|Location Map ( geo)|
|The Bridge in 2009|
|Metal Bridge, Cumberland|
| 1970 (west structure)|
2007 (east structure)
|Crossings related to the M6|
|Linstock Bridge • Lune Bridge • Mossband Viaduct • Samlesbury Bridge • Thelwall Viaduct|
Metal Bridge is where the M6 crosses the River Esk, two miles south-east of the Anglo-Scottish border at Gretna. (The Esk is the largest river in the area but the border follows the smaller river Sark.)
The first bridge on the site, which gave the location its name, was built by Thomas Telford in 1820 as part of his commission to improve the Carlisle-Glasgow road. Before Telford the most downstream crossing of the Esk was at Longtown on the present A7. This original bridge was similar to his bridge built at Bonar Bridge in the Highlands, itself a development of Craigellachie Bridge. It was this bridge, constructed of Iron, that gave the original name of Metal Bridge.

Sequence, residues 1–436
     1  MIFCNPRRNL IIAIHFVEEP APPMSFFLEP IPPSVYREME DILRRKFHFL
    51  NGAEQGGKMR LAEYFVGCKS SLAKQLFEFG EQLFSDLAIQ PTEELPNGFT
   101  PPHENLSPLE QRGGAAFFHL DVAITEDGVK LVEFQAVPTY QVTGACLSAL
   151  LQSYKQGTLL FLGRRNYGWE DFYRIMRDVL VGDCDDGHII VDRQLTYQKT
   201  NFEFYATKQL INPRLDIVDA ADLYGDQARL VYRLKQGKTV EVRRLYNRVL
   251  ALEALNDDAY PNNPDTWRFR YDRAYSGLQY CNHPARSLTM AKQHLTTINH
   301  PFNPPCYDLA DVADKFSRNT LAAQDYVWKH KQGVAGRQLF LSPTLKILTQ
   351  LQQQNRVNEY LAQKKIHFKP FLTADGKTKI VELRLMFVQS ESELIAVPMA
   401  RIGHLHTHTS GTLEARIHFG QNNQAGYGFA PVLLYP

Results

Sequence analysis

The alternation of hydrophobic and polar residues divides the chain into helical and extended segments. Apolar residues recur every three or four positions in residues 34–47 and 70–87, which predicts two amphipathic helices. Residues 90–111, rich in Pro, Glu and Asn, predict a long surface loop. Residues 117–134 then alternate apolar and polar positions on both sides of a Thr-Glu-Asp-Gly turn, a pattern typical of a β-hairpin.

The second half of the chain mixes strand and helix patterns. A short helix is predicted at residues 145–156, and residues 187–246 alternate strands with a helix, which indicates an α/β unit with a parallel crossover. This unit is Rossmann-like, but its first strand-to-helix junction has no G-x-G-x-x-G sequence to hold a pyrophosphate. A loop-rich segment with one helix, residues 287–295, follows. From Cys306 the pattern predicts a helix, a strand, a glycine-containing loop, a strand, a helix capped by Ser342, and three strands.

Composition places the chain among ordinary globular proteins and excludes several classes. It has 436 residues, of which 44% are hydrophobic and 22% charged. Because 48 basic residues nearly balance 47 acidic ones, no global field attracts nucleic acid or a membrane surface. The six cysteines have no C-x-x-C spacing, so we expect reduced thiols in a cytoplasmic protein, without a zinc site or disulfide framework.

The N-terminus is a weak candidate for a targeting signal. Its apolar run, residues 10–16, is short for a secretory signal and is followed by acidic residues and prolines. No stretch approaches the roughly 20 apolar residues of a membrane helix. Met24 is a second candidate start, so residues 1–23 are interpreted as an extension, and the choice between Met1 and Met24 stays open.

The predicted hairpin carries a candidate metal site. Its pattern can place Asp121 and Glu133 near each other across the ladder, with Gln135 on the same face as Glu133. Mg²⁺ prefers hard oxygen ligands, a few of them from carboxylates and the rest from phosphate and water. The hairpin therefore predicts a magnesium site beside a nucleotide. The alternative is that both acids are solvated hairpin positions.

Since 2007 there have been two bridges side by side. The downstream bridge was built in 1970 as part of the dualling of the A74, and originally carried both two-lane carriageways. In 2008 when the A74 was upgraded to form the M6 (filling the so-called Cumberland Gap), this bridge was refurbished to carry both the northbound carriageway of the M6 and the new parallel minor road for non-motorway traffic. The upstream bridge was was built new in 2007 to carry the southbound M6.
The newer bridge has four spans, its piers being aligned with alternate piers of the 8-span older bridge. The deck of the older bridge is carried on numerous concrete beams, that of the newer bridge on five steel beams. The steelwork of the newer bridge was placed by launching in two stages from the north end, minimising works in the river.
400 yards downstream is the Esk railway viaduct which is the last crossing of the river before the Solway Firth.